Gordon Campbell | Parliament TV | Parliament Today | Video | Questions Of the Day | Search

 


Gaming reforms will mean more money for community groups

Gaming reforms will mean more money for community groups

Internal Affairs Minister Peter Dunne says changes to the gambling sector will see more money returned to communities, the tightening up of potential dishonest gaming activities and a reduction of red-tape.

“Large sums of money are at stake in the Class 4 sector and it is important to ensure, as far as possible, that the maximum amount of gaming machine funds is returned to the community,” says Mr Dunne.

The changes are contained in a new Gambling Amendment Bill (the No 3 Bill) and additions to the Gambling Amendment Bill (No 2) which Cabinet signed off last week. The changes also include new regulations approved by Cabinet last month enabled in part by the Gambling (Gambling Harm Reduction) Amendment
Act 2013.

“The No 3 Bill will give communities better information on grant-making decisions; strengthen provisions that deal with conflicts of interest and reduce the regulatory complexity and cost for gambling operators.

“These provisions help to ensure that gambling is undertaken to benefit the community and ensure every cent possible goes to worthy causes,” says Mr Dunne.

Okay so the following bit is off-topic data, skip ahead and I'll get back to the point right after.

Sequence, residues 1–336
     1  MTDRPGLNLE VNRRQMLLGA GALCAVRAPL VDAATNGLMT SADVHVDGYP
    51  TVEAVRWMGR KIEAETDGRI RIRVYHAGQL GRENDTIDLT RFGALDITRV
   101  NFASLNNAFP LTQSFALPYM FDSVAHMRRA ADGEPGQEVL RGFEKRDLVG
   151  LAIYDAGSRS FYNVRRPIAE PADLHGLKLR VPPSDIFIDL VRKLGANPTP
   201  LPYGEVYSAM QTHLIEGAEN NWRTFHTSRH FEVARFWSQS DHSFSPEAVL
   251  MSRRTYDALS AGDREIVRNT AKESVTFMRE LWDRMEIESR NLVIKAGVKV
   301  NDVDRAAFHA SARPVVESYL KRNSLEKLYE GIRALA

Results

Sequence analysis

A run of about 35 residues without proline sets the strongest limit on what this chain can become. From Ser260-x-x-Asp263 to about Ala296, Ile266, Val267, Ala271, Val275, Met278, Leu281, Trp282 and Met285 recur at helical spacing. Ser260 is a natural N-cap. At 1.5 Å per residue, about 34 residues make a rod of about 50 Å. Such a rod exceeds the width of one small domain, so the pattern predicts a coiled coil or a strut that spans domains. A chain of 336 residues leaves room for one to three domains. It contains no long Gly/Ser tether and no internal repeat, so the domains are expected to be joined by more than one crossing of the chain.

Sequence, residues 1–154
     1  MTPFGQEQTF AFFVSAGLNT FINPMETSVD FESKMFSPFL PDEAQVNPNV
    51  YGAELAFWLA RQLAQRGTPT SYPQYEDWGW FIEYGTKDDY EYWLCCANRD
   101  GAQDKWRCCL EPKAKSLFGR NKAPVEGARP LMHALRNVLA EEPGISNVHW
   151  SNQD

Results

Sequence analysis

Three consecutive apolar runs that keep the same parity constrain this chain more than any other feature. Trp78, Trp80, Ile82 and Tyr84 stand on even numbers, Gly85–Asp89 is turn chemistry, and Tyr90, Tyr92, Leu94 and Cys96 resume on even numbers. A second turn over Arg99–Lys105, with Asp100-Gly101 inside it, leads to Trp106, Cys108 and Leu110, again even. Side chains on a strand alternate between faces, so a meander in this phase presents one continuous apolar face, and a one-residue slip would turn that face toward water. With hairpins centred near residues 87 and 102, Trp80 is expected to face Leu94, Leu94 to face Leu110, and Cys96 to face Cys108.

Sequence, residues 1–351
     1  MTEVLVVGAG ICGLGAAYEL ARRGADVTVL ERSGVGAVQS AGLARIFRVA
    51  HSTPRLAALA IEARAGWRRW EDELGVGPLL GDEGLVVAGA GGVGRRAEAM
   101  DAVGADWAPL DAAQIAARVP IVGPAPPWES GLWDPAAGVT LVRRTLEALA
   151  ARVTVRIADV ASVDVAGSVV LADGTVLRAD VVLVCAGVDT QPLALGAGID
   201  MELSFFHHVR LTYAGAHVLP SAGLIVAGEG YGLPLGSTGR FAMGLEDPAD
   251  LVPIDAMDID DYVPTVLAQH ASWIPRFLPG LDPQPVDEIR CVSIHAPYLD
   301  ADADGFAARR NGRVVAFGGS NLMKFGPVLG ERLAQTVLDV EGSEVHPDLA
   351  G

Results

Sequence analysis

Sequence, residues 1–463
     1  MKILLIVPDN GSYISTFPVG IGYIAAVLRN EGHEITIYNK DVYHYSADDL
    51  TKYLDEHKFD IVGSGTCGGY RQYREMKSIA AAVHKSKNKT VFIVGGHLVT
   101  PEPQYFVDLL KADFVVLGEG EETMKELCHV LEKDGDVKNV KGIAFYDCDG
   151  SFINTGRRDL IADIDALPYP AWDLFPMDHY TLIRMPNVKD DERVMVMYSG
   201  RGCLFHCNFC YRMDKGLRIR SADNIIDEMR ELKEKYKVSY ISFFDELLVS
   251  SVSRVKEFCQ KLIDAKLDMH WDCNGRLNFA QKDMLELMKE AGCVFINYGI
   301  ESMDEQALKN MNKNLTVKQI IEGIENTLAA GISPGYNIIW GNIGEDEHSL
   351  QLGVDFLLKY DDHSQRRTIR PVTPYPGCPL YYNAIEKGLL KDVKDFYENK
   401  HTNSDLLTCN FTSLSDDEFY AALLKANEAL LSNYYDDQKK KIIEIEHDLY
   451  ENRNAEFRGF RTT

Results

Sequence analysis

The Supplementary Order Paper to the Gambling Amendment Bill (No 2) provides clarification in key areas including the regulation and enforcement powers of the Department of Internal Affairs. The new regulations mean non-club gaming machine societies, which operate pokie machines in pubs and bars, will be required to distribute more of their gambling proceeds to the community.

The change will see the distribution of funds to the community by way of grants rise over a five year period, from the current minimum rate of return of 37.12 per cent of (GST-exclusive) gaming machine gross proceeds up to a minimum of 42 per cent.

“Current annual returns to the community are approximately $260 million. This figure could increase by a further $10 million because of the increase in the rate of return,” says Mr Dunne.

“The staggered increase will commence in the first financial year after the regulations come into force – 40 per cent in the first year, 41 per cent in the third financial year and 42 per cent in year five. It is anticipated that the new regulations will come into force around September 2014.”

There are currently 44 non-club societies and the average rate of return is close to 41 per cent so about half will have to make some adjustment to meet the new minimum. By staggering the increase, societies will have more time to adapt to the new requirements. Societies will also have to distribute 80 per cent of gaming machine net proceeds in the same regional council area in which the proceeds were generated.

Cabinet also gave the go-ahead to develop proposals to increase the transparency of grant decision-making and reform the system for paying the venues that host gaming machines. These changes are included in the No 3 Bill.